There was a lot I wanted to say; even more I wanted to remember. I’m trying to think of specifics right now—the time she, the time he—but my memory fails me. The three years and eight months that I’ve been a mother are mostly a vague mix of emotion, words, and some very questionable textures, the specifics of sights and smells lost in the swirl. For something so life-changing, the moments are shockingly easy to forget. All the more reason I should have been capturing them on hi. But I didn’t. And tomorrow I no longer can.
Like many things in life, I assumed that hi would always be around, even though most of life should have taught me to know better. With my memories in shaky short-term storage, I envisioned a day, maybe a week, when I’d be able to put things down in writing.
It turns out motherhood and moment capturing are not ideal playmates. A mother’s hands are always busy, often sticky, and hardly ever her own. When the moment happens, we need a secretary to take dictation, a photographer to document it, and why not throw in a nanny while we’re dreaming, to help with the clean up. I’d sometimes imagine a future when phones could be operated via mind control, a blink of an eye triggering a click that would open the app for us, a verbal cue allowing us to type, save, and submit.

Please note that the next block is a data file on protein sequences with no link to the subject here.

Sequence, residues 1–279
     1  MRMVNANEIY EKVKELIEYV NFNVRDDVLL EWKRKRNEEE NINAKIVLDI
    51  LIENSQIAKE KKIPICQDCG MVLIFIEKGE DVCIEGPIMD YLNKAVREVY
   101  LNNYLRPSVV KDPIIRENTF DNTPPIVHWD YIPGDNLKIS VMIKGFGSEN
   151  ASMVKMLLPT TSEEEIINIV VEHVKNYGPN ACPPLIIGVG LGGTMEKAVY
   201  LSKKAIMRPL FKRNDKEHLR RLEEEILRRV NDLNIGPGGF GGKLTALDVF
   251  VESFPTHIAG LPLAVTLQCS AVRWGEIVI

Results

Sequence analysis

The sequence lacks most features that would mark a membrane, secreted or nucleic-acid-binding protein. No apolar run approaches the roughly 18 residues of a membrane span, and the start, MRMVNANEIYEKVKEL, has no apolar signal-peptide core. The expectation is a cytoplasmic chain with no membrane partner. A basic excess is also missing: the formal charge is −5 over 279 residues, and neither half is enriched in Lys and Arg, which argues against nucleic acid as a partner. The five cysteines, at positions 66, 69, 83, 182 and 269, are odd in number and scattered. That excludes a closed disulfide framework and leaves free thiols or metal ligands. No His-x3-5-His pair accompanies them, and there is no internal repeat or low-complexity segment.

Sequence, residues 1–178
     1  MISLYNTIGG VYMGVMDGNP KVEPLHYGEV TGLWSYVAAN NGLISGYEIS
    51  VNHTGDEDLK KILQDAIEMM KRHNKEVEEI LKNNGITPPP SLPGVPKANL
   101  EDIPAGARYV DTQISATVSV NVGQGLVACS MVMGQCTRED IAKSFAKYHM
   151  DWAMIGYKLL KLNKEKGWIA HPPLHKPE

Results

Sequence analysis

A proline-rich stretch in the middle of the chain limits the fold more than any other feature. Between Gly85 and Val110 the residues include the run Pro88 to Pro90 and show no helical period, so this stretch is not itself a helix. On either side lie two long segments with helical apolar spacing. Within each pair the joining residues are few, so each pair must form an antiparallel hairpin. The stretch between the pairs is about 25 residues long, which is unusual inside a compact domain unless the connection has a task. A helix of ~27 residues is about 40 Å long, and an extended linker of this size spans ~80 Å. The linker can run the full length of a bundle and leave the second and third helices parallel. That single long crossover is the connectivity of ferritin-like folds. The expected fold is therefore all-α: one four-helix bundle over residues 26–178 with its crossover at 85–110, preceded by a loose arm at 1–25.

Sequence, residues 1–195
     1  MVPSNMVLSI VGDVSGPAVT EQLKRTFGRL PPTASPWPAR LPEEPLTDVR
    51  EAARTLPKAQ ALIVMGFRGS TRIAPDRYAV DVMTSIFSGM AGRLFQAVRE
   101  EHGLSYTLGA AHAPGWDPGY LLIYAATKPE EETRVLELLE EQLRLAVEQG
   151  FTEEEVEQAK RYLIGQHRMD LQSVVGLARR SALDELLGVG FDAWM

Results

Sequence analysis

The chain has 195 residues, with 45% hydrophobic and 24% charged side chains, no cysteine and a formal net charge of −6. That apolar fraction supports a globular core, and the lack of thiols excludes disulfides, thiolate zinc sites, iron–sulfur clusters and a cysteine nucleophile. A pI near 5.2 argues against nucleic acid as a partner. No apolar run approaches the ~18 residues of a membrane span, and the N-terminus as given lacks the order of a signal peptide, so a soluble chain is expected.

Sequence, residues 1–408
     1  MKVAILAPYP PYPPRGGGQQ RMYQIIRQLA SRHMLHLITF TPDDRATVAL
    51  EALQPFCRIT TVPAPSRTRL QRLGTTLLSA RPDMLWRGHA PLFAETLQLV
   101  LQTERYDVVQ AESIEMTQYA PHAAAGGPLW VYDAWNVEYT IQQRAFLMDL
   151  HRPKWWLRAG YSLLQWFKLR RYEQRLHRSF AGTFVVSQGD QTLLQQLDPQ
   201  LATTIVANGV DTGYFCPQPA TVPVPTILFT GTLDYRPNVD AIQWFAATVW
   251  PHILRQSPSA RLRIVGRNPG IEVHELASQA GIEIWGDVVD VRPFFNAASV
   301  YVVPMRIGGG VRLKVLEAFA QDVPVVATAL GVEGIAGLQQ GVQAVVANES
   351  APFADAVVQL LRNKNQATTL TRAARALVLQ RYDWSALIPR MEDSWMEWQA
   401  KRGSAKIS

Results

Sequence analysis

Oh well. File this under “ideas for the future.” File me under “regretful, but appreciative.” Thanks, hi and the hi community. Till our words meet again.
"I don't want people to say I'm beautiful."
"Mommy, stay. Because you're the best mommy." She needed a partner in crime for the pouring. Today, she found one.
I need to do mess better.
There is freedom in being a complete beginner and in saying I have no idea what I'm doing.
Today, I let her win.
"I don't want to play with you." And there it is. Her unexpressed anger and sadness. In my head, I understand it; in my heart, it's a knife, twisted.
"Is it three weeks yet?" I'd told her that Baby Brother was coming in three weeks, three weeks ago. He was due. He was overdue.
There are sentences I know I would never, could never, write. Reading high-end shelter mags, feeling twangs of pen envy.